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With the end of net-neutrality, some people have started to fear that IT providers will have unprecedented control on what we would like to experience from the internet. Some have started to rethink their relationship with the ISPs or those that monopolize access to the web. One of these ideas is that of a mesh network.
When we access the internet, we first go through an ISP, either via broadband, landline or fiber optics and our ISP then connects us to the top-level internet exchanges. The ISP acts as the gatekeeper to the different points on the web.
Mesh network, on the other hand, is decentralized and doesn't need to go through a central point but rather, connect devices directly to one another by automatically reconfiguring depending on the availability and nearness of bandwidth and storage. This means that they are more resistant to interference and other disturbances that can plague those that go through ISPs as bringing them down will need the shutting down of every node in the network. As nodes are set up that connects to other wireless routers, they create a network that is different from the internet as we commonly understand it.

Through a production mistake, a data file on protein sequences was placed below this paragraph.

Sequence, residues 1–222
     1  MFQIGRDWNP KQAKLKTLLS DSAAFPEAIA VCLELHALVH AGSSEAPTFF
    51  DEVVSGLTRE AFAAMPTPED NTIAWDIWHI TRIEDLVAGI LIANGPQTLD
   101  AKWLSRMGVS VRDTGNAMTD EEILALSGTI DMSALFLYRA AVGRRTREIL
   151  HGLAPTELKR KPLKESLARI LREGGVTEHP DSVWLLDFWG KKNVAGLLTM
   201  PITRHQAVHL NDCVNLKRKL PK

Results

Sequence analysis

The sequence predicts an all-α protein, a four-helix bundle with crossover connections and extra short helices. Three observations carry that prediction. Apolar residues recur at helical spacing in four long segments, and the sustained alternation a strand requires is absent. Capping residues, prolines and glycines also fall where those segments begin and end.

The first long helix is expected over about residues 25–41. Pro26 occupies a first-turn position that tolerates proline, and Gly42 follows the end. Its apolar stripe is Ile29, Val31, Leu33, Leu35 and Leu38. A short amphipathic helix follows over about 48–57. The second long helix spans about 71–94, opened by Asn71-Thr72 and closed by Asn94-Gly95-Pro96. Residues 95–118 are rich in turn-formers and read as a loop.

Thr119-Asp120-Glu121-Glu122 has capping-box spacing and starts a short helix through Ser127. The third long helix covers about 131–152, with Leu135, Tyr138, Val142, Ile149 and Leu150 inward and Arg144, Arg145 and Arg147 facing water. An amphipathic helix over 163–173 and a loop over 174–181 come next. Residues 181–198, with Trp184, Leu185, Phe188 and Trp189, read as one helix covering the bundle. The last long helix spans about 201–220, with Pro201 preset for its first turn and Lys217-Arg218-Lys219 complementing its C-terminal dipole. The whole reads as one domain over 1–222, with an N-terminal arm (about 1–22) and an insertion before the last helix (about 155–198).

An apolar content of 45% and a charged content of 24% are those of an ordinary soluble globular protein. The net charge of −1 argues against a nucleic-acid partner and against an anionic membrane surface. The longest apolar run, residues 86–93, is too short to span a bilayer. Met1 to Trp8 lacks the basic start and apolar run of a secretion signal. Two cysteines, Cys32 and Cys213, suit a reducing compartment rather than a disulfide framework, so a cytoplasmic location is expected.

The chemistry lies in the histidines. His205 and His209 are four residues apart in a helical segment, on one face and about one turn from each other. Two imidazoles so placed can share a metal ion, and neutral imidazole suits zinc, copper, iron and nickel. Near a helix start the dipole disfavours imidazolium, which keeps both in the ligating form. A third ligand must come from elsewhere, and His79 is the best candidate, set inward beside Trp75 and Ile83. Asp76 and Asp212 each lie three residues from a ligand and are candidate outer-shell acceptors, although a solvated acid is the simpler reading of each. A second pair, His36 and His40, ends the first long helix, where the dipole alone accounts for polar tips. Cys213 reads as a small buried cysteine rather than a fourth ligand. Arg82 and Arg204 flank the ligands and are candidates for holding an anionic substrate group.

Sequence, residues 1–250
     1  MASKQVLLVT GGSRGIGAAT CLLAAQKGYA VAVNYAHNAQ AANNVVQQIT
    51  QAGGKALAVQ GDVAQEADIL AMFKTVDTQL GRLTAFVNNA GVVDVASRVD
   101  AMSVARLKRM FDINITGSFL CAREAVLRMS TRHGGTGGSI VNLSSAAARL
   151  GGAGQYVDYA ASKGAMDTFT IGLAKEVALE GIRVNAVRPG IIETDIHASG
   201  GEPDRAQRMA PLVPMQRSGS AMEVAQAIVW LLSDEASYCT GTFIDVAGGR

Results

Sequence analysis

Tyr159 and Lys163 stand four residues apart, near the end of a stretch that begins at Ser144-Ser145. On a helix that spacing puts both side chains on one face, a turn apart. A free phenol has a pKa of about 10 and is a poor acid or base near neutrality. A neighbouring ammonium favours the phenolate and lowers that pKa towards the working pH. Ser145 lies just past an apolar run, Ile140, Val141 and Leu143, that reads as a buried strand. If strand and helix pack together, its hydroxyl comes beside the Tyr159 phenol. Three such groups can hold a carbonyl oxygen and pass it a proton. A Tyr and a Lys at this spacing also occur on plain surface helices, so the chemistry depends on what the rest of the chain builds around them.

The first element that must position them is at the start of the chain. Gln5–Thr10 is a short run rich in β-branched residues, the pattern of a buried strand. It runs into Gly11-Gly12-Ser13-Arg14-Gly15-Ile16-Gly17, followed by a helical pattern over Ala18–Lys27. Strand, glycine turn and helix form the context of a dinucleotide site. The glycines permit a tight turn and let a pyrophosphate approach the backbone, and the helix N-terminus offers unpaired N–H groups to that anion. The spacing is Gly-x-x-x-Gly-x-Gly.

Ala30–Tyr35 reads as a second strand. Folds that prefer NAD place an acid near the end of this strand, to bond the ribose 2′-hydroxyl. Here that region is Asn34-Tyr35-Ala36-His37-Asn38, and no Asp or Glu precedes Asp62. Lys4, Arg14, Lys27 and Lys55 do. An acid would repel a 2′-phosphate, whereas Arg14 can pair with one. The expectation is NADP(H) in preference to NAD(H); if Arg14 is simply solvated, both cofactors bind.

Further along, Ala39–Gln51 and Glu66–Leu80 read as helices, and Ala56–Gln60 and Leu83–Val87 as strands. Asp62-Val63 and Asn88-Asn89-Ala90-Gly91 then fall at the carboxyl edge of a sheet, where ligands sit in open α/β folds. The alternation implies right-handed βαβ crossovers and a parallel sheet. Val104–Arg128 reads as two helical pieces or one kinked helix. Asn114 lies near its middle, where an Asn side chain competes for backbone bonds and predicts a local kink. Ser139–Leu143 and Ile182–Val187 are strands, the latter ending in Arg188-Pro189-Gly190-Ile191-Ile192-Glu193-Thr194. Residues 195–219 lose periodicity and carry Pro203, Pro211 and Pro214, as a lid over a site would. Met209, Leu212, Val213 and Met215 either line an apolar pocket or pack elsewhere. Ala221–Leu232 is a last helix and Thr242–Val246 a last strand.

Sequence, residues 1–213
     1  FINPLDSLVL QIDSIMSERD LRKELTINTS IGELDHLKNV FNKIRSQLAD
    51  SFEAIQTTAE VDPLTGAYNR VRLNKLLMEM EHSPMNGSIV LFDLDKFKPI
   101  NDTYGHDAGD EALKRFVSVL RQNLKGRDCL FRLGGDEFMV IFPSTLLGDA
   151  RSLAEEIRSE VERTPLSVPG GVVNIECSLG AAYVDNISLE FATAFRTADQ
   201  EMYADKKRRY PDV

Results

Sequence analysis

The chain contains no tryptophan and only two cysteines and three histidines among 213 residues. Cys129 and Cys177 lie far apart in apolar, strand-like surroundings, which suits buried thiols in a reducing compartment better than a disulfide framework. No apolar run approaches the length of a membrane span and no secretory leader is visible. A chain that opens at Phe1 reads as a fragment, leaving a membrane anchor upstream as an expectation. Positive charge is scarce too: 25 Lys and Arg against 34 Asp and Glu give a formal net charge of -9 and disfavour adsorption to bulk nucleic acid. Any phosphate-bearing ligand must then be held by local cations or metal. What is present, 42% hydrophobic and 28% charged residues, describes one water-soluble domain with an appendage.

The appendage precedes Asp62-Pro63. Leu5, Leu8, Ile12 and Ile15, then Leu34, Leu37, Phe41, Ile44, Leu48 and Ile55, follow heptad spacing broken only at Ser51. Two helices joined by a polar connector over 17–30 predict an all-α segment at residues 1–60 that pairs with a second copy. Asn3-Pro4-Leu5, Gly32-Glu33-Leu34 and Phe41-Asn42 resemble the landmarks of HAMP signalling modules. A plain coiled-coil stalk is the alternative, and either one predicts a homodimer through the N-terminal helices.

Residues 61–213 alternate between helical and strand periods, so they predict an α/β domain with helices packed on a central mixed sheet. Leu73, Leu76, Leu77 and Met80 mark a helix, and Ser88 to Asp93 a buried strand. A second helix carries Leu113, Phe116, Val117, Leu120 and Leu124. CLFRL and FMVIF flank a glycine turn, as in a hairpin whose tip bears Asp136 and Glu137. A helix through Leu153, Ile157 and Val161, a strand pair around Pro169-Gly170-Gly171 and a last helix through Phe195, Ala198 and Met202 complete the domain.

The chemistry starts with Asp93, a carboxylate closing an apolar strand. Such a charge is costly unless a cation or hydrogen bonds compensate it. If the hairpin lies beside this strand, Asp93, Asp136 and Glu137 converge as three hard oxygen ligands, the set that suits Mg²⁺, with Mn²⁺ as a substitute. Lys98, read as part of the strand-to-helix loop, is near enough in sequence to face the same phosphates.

Mesh networks have been set up like that of a community in Spain whose network, the Guifi.net, grew from a single node in 2004 to some 30,000 by 2016.
There is also Red Hook in the Brooklyn neighborhood which was set up after Hurricane Sandy brought down the internet and cell phone networks. FEMA installed a satellite internet connection which then spread the internet via the mesh.
There are also organizations that offer guides and resource in setting up mesh wireless networks like NYC Mesh and LibreMesh.
Mesh wireless “occupies a place in the public imagination that may not always sync up with the boring reality,” says Dan Phiffer, a well-known coder and free Internet advocate in an email to Inverse.
Most mesh internet however still depend on the traditional ISP to connect to the web, and decentralization, although more resistant to interference, does slow down the connection. Also, the cost of the nodes and maintenance can also be high. “Each supernode costs about $5,000 to install and $1,000 per month to maintain,” Hall tells Inverse.
Combining mesh technology and direct access to an internet exchange seems to be the better alternative.